On December 7, 1900 the Department of Interior announced:
A Washington special says that Secretary of the Interior has affirmed the land office decision in the case of the South Dakota Mining Co. and the Black Hills Wind Cave Co. against Jesse D. McDonald.
The decision declares that neither party is entitled to it, that in the first place it is not mineral land and the plaintiff therefore has no claim to it and in the second place McDonald did not comply with the law relating to the cultivation and his entry is held for cancellation. The secretary also directs that the land be held in reserve until congress shall have had an opportunity to create a permanent reservation there.
The land was withdrawn from settlement January 18, 1900. On September 12, 1902 Captain Seth Bullock, became the supervisor of the Wind Cave.
The Pioneer-Times reported: Capt. Bullock appointed George Stabler and wife, Elmer McDonald and Peter Paulson as guides and has furnished the following rules:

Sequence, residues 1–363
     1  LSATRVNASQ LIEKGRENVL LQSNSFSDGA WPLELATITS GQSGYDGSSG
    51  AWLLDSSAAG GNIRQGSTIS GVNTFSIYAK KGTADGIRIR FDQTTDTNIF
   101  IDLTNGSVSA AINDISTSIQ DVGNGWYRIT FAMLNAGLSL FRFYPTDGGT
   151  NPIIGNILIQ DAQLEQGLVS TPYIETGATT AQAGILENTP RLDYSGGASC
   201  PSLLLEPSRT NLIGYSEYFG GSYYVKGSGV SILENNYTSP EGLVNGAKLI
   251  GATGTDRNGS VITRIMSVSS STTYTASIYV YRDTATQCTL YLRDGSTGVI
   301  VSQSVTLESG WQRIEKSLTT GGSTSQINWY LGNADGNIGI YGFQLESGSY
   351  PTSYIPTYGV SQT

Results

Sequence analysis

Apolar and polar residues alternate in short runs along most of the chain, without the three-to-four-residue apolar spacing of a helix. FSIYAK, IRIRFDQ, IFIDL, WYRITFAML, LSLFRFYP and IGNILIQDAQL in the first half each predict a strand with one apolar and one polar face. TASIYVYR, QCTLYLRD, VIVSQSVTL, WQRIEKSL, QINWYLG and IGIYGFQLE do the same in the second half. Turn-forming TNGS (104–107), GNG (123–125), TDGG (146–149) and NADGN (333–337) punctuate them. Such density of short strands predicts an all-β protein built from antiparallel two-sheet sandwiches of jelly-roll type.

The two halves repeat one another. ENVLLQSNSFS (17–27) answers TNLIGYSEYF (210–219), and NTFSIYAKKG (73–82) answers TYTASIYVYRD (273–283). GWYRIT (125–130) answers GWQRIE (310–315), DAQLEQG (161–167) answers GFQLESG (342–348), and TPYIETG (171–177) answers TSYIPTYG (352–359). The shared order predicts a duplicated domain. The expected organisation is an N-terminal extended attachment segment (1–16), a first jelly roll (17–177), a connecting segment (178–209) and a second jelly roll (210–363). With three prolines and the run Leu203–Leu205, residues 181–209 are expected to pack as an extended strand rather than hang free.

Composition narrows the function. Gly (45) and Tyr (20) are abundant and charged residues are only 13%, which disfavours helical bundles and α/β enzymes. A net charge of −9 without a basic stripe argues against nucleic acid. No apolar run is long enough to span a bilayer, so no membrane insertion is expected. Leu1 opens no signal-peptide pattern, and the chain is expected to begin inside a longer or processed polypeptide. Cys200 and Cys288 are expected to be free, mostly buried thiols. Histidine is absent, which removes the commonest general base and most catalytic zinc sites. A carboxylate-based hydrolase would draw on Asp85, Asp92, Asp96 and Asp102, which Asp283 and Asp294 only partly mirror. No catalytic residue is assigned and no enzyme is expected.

The cave will be open to visitors from 9 am until 5 pm. Night excursions will not be allowed.
No vandalism or spoliation of the Cave or its natural beauties will be permitted.
The guides will be held responsible for the safety of visitors and prevention of spoliation.
The guides will be permitted to charge the usual fee of fifty cents for each person they conduct through the cave.
No disorderly characters will be admitted to the cave at any time.
The hotel concession has been granted to George Stabler and wife.
Click on the links below to learn more about the park's history.